Once we can acknowledge and own all that we have done and said that was sinful, when we can own what someone else did to us, then we have torn down the walls inside us and can step into a much deeper relationship with God. After that the final step is to forgive ourselves and anyone who hurt us. Then the walls are gone. God does not violate our free will on any issue until we tell Him we are ready to deal with it. When we say “Yes!” to Him, that we are willing to look at our defensiveness or greed or other issue, He will heal and transform it for us.

I have found it most useful to set intentions around each issue that God has highlighted in me. An intention is a focused prayer, utilizing our whole self to declare that I am free of this particular issue. At the suggestion of my first spiritual director I set an intention around being so scattered. A few months later I noticed a brand-new feeling—I felt integrated! As I thought about it, I traced it back to setting an intention. From then on I would set an intention for any issue big or small that the Lord called me to examine. [See Spiritual Practices] At any one time I might have a few intentions set and in process. Setting my intention—an invitation to God to work on this issue in me—was all I had to do. The Holy Spirit did all the healing and transforming.

Now we are following Jesus as He called us to do. Doubts that arise in us are just invitations to expand our thinking about something. Prayer is our main vehicle for the ever-deepening relationship with God.  And there are so many methods of prayer: the Lord’s Prayer, petitions, just sitting in the presence of God like in meditation or Centering Prayer and carrying on an ongoing dialogue with Him.[See Spiritual Practices] The goal is to spend not just a dedicated time of prayer, say every morning, but to rest in God’s presence throughout your day, whether you are working, talking to your spouse or child, enjoying leisure activities, consulting Him, listening to Him, praising Him and much more.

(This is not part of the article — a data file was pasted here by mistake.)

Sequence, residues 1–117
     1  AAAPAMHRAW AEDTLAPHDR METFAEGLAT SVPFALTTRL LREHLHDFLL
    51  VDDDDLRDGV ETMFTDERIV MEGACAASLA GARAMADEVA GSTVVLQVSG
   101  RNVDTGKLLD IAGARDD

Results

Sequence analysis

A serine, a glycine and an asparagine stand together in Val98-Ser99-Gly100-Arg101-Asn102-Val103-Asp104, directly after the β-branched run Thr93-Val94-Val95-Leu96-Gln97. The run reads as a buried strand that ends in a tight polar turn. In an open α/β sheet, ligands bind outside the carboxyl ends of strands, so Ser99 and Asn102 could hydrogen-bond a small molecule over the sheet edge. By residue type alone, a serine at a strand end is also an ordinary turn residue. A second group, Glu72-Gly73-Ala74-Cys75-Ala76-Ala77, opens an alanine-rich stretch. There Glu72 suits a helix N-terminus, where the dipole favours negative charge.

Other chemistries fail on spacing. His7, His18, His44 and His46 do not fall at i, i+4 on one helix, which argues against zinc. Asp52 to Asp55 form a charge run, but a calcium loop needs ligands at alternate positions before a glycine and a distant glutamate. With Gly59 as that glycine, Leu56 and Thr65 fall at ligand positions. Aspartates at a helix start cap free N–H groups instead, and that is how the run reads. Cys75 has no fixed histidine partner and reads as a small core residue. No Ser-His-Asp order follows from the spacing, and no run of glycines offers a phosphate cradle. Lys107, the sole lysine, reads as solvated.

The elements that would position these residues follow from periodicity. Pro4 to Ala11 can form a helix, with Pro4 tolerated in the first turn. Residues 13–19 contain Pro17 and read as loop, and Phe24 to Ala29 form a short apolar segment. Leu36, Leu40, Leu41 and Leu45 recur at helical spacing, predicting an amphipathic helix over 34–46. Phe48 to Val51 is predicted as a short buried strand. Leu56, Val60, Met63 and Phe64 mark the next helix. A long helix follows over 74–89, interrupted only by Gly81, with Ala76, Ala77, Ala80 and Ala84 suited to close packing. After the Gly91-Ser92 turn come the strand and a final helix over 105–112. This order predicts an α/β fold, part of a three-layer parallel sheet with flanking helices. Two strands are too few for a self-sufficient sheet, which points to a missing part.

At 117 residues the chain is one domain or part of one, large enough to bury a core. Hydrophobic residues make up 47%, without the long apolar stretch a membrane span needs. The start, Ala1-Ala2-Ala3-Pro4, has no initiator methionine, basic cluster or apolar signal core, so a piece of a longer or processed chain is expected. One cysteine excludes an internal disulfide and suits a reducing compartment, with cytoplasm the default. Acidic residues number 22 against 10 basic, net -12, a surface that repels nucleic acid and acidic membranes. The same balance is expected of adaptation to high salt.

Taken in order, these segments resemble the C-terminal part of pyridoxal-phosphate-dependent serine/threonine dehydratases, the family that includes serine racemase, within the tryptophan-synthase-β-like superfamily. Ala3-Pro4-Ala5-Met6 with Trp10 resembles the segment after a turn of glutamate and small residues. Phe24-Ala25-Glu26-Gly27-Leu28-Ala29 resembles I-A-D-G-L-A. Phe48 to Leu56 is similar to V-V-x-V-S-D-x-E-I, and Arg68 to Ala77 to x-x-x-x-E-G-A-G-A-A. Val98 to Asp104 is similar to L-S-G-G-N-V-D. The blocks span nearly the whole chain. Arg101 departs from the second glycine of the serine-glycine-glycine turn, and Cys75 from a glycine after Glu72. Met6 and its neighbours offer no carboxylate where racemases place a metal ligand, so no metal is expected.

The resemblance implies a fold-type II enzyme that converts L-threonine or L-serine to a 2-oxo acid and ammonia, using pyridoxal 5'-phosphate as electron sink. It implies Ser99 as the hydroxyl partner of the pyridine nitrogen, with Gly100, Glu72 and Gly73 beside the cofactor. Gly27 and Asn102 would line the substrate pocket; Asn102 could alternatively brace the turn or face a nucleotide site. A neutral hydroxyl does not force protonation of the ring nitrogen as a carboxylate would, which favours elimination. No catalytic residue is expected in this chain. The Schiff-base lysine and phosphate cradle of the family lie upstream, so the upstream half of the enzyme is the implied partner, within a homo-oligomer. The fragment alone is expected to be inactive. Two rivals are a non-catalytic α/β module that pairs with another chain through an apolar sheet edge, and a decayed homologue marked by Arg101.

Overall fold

There are many ways to approach focusing on God throughout our days. If like, Frank C. Lauback, a missionary to the Philippines in the early 20th century[5] you are determined to think of God in every minute of the day then you would focus on making that a reality. To get even close to this requires God’s help, because I just don’t think we are capable of it on our own. We have to start with a stillness of mind. Then there are a number of ways to raise our level of awareness of what God is blessing and gracing us with during our days and of what He is whispering to us. Keeping a daily gratitude journal can help us focus during our days for God’s presence, blessings and more. Or a daily examen in the evening which looks back to where we might have missed Him, blessings or presence, during our day. [See Spiritual Practices] As we begin to notice more and more of God throughout our days, we also grow in praise and gratitude within ourselves.

By this time you are in God’s arms and He is directing your every step. You are no longer outer- or world-referenced. I don’t think we’re actually done with the healing process for the human side of our being until the day we die, but now there is just the richness of living in God’s presence and doing what He gives us to do. There are no worries about the future, no burdens from that past that we still carry. There is just this moment and what we are called to do. God carries all the burdens and we have the true freedom to be just what we were created and called to be.

Perhaps you can see the progression from living in the world totally to living in God’s presence totally, from beliefs to living a life in God. Maybe you have a feel for how much change there will be in each individual as s/he gives his or her life over to God. Possibly your beliefs have expanded and grown since you first joined a church. Often most of what we give up to God is our own personal narrow point so that we can see more like God sees. The beliefs become much less important than the relationship, the true partnership with God. The theology, the beliefs in God and Jesus Christ are still the foundation of our lives, but they are no long our guide: our guide is Christ Himself.

[1] www.merriam-webster.com/dictionary/theology

[2] 1 Kings 19:12 KJV

[3] 1 Kings 19:12 NIV

[4] Matthew 22:36-40, Mark 12:28-34, Luke 10:25-28

[5] en.wikipedia.org/wiki/Frank_Laubach